March 3 – Today’s Food History

Here is an interesting one for you all, especially those veggies/vegans who read this blog.

Saves me posting today too ;)

Foodimentary - National Food Holidays

Most people don’t know that most can sugar is processed using bone char, therefore making it not acceptable for most vegetarian or vegan diets. Beet sugar is a perfect substitute. We have German chemist, Sigismund Marggraf to thank for helping to create an alternative sugar source. Before beet sugar became common, most homes were incapable of affording sugar. They would use molasses, a much cheaper byproduct of cane sugar processing.

Today’s Food History

on this day in…

  • 1709 Andreas Sigismund Marggraf was born. A German chemist, in 1747 he extracted sugar from the sugar beet and determined it was identical to cane sugar. It wasn’t until 1802 that the first beet sugar refinery would be built.
  • 1797 The first patent for a washing machine was issued to Nathaniel Briggs
  • 1855 Congress authorized $30,000 to purchase dromedaries (camels) for the military to use in the Southwest.
  • 1879 Elmer McCollum was born…

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14 comments on “March 3 – Today’s Food History

  1. That’s interesting, I am still amazed at all the snippets of information that are available on blogs, far more educational than other places I used to lurk around.

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    • :D Well I used to find out who had died and stuff like that via FB or which American politician was being particularly stupid – but you can find that out via blogs too eg Whitney Houston death. Or the Oscars. But you can also find far more interesting stuff and serious stuff on the blogs. Just reading now about Bosnia and Herzegovina over on Andrew’s blog (link on my ‘blogs I visit’ page). Then I’ll check out his Greek posting. A nice way to spend the first quiet hours of the morning, and gently wake up.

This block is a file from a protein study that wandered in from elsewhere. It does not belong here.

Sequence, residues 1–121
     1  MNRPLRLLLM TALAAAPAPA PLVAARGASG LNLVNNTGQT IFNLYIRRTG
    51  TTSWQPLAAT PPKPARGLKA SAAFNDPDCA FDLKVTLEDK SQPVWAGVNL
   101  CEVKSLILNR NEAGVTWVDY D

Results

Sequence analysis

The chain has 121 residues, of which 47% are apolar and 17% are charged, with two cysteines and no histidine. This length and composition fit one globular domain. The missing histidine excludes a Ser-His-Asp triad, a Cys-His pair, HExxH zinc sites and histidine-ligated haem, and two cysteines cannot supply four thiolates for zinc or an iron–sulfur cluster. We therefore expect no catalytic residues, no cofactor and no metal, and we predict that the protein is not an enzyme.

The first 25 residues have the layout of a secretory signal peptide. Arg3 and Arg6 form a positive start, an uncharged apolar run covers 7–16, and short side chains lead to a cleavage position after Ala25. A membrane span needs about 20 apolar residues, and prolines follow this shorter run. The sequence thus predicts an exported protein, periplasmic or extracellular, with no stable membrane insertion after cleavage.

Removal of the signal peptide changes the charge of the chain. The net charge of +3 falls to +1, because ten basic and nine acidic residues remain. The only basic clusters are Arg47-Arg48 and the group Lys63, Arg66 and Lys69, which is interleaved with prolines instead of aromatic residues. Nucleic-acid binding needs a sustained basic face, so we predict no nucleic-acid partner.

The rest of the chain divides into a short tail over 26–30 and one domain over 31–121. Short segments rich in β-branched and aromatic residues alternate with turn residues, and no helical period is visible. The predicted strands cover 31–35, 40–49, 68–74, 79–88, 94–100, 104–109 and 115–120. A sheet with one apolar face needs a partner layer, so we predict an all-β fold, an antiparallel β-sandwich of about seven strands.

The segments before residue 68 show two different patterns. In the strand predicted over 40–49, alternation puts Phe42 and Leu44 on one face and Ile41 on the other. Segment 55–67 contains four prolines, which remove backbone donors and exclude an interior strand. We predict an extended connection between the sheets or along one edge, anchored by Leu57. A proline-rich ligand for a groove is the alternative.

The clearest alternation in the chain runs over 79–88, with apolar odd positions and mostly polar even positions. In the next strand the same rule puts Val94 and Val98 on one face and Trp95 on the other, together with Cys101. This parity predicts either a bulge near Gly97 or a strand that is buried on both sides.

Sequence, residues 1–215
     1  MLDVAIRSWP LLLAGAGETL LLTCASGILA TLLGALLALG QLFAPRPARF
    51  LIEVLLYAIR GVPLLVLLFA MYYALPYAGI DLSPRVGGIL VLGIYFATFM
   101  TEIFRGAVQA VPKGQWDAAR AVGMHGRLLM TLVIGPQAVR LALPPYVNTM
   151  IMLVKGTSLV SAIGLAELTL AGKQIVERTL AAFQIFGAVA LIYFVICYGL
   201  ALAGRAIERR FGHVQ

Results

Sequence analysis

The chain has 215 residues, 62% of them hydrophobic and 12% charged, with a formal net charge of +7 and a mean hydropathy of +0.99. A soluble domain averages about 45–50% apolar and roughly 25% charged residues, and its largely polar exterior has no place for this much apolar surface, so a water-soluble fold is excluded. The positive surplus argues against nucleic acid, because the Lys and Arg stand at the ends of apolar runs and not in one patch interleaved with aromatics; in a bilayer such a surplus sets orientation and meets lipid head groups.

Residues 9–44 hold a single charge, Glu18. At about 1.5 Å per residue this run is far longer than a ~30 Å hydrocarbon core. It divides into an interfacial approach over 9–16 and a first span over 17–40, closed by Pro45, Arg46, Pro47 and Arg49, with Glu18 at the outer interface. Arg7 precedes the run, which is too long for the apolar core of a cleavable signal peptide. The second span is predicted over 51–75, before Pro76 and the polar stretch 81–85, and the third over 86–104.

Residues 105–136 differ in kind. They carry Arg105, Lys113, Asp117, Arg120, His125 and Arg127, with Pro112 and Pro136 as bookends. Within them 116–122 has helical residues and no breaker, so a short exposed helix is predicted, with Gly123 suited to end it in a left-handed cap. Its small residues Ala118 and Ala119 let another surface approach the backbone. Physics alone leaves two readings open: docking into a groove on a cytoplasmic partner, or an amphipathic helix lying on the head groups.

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  2. not sure if as a Vegetarian or Vegan, you can eat honey. But due to diabetic issues, I don’t take sugar. However have recently discovered clear honey on my cereal is adorable and doesn’t impact as much as sugar on my bgl. I can live without sugar, and would never use sweetners, horrible stuff full of chemicals.

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  3. You might like to look into Stevia, which is a naturally sweet leafed plant from which they produce a sweetener. It was previously banned within the EU, but was approved for sale within the last few months. I’m sure its not chamical free, but rather less chemicals than stuff like aspartamine and canderal. I don’t use much sugar either, I have a one pound bag of it here that I bought about 20 years ago.

    Blu.

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    • Never heard of it. I’m not sure I’ve ever bought sugar. I do have a collection of those little packs from airlines still on the odd chance someone gets across the threshold and wants a drink with sugar in it. Assuming they can cope with soya milk as well.

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  4. Win WIn: good read – plus you had something ready made to post! We used to have black strap molasses or Ribbon cane syrup when I was little although it was considered “backwoods/country” at the time…then you couldn’t find it anywhere – now all of a sudden it’s been “re-discovered”. OK with me.

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    • Thank you very much. While I’m not into awards, I’ll try and get around to mentioning a few blogs, as I always think that’s worthwhile.

      I’m guessing it’s my lack of interest in sugar that prevented me from discovering this one until now. Always worthwhile learning though :)

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  5. Not keen on honey. My local source produces beautiful honey, on porridge (good for cholesterol) or mixed in to greek yoghurt or mixed with oats for flapjack.
    Just a few of my favourite things ….
    Didn’t know about cane sugar will have to speak to my dietry guru (does all the cooking!)

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